Lompa Ranch seen as a doggone good deal by Carson City Parks and Recreation Commission | NevadaAppeal.com

Lompa Ranch seen as a doggone good deal by Carson City Parks and Recreation Commission

The Carson City Parks and Recreation Commission approved recommending the parks and trails plan for the proposed Lompa Ranch development project to the Planning Commission with one addition — a dog park.

More specifics on the proposed development of 251 acres of the northern portion of Lompa Park were provided at the commission’s meeting Tuesday — including plans for the development to include a new elementary school and a new fire station. Those elements didn’t fall under the commission’s responsibility as it dealt with the parks, recreation and trails portion of the project.

Commission member Donna Curtis, who proclaims herself as the “dog park lady,” said she wanted a dog park to be included in the development. Supervisor Lori Bagwell, also a member of the commission, stated it would make it easier on the developer if the commission included a specific request for a dog park in its recommendation to the Planning Commission.

In approving its recommendation to the Planning Commission, the Parks and Recreation Commission included a specific request for a dog park in the recommendation.

Mike Railey of Rubicon Design Group, the developer of the proposed project, said he was open to the idea of including a dog park. The project calls for a number of stormwater detention facilities and Railey said one idea is to develop a dog park around one of those facilities.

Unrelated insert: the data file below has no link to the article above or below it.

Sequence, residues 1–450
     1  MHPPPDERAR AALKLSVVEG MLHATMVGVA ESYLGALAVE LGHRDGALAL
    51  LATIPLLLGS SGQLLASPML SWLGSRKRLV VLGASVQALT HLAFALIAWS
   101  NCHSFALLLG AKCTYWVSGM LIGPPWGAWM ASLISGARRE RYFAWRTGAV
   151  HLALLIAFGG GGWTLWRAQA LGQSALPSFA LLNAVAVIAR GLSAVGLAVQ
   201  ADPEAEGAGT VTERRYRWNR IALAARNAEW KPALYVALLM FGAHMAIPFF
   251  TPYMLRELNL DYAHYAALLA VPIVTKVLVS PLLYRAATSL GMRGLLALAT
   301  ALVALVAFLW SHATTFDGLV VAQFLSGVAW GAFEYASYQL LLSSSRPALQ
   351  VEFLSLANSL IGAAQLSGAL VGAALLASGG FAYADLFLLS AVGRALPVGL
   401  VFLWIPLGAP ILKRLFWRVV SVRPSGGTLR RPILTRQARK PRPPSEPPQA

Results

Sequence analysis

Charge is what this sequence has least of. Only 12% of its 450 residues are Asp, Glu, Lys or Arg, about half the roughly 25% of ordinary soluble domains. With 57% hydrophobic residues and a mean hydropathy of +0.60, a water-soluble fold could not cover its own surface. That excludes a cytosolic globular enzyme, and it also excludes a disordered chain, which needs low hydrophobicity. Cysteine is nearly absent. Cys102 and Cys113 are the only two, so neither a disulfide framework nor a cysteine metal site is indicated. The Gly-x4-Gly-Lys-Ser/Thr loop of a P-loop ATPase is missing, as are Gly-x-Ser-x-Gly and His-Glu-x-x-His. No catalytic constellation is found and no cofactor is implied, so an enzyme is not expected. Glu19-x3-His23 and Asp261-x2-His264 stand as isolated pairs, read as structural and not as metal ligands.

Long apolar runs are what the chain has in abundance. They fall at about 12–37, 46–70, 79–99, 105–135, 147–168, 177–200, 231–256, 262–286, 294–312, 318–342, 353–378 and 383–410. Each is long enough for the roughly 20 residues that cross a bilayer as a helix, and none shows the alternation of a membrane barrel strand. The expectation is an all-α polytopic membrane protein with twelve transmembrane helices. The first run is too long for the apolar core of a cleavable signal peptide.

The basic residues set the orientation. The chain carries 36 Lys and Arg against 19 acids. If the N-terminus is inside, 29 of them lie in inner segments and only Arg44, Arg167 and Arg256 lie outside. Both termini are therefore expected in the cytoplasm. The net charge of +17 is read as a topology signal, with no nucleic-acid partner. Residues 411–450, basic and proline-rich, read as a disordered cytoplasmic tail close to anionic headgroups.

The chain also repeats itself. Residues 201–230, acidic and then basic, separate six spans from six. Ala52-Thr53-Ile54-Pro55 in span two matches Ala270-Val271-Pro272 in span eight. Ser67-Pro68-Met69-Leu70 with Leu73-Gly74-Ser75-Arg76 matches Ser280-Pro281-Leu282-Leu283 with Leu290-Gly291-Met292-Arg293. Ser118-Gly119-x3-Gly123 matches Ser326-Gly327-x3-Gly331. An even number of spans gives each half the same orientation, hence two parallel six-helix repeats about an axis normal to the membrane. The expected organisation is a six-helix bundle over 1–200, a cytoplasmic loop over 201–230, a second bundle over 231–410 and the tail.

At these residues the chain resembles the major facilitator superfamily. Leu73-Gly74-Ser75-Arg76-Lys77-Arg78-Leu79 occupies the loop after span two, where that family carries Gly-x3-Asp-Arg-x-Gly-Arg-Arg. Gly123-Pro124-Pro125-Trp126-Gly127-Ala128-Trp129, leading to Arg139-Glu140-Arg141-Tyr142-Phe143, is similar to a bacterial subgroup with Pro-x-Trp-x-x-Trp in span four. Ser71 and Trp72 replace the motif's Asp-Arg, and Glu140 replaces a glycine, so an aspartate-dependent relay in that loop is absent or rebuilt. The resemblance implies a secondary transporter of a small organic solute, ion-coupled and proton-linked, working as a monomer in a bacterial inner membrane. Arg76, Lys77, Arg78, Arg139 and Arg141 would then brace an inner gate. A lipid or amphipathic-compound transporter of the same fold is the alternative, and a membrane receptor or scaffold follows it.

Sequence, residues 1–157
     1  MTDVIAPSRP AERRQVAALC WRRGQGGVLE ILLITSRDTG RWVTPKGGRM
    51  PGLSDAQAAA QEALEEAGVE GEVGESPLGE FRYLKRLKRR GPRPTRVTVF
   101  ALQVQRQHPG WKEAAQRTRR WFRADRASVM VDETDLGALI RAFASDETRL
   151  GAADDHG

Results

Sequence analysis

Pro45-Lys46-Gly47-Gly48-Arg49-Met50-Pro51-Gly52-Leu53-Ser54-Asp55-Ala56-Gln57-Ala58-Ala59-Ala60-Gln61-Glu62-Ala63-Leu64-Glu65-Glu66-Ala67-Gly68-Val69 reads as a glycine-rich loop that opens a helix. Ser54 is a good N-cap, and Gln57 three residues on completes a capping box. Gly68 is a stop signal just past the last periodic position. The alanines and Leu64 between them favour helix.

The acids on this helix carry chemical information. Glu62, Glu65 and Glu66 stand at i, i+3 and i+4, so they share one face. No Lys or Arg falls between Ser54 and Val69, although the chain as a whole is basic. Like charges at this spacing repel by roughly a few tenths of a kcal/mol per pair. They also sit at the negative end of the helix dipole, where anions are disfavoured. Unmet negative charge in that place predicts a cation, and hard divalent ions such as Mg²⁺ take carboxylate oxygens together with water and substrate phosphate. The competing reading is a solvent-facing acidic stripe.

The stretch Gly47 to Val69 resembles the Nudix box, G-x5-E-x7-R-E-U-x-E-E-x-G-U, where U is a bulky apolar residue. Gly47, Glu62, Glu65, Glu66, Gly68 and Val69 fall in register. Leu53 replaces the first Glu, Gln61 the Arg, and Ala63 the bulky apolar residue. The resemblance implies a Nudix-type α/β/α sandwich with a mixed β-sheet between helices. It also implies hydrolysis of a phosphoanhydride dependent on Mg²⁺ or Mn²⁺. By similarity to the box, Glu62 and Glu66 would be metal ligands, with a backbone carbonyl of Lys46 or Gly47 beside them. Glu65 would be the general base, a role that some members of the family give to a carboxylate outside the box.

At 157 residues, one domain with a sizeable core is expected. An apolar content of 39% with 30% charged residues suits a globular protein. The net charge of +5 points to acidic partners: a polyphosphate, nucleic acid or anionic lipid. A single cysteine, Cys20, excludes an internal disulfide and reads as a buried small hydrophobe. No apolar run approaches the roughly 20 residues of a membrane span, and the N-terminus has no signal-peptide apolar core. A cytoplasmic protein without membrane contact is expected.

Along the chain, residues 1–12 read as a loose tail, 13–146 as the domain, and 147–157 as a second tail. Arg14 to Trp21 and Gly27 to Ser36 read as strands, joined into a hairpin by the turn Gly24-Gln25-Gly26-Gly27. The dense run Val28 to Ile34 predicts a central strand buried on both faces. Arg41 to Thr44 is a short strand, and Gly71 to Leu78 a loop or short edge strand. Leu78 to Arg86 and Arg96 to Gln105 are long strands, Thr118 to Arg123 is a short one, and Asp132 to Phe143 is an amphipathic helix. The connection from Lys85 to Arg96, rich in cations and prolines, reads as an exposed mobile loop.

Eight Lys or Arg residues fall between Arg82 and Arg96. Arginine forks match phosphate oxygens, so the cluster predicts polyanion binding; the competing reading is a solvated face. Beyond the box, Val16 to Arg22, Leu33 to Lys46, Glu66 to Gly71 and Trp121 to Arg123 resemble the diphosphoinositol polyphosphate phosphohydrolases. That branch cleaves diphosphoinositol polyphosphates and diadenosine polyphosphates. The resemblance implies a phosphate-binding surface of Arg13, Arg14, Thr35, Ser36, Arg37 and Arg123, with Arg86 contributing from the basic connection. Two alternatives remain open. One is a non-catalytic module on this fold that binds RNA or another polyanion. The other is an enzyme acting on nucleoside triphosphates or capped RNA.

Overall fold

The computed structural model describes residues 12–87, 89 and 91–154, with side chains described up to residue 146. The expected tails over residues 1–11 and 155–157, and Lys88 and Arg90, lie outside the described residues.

In addition to a dog park, the development would have two other parks — a 10-acre community park and a 3-acre neighborhood park.

Railey said his company has accounted for concerns over traffic with a new elementary school placed close to Carson High School. Measures to be taken include improvements to Saliman Road, Fifth and Airport streets, with bike lanes added to all three.

Railey said the plan calls for a new elementary school and a new fire station to be built in proximity to each other. As part of the city’s master plan, the development must also include plenty of room for trails, bike paths and open space.

The proposed development also calls for a landscape maintenance district which would be funded by developer fees on homes in the development. The district would be in charge of maintaining all of the parks, recreation, trails and open space components in the development.

Railey said the planned development would include 1,500 to 2,500 housing units, which would include various kinds of housing from apartments to homes to create a diverse community.

Another unique part of the development is the creation of alley ways to create a more neighborhood feel to the community.

In other business, the commission voted to promote Lee-Ann Keever from vice-chair to chairperson of the commission for 2016. The commission voted to select Robert Glenn as vice-chair.

The commission also heard from Eagle Scout Thomas Reed on his Eagle Scout project in which improvements were made to the Lone Mountain Park Trail.

In addition, the commission approved a request to the Board of Supervisors to fund several Capital Improvement projects, including expanding Lone Mountain Cemetery at a cost of about $45,000 and improvements to the Carson Aquatic Facility pool.

An update was also presented on the Multi-Purpose Athletic Center — the MAC — in which the upstairs track is expected to be put in place in the next two to three weeks.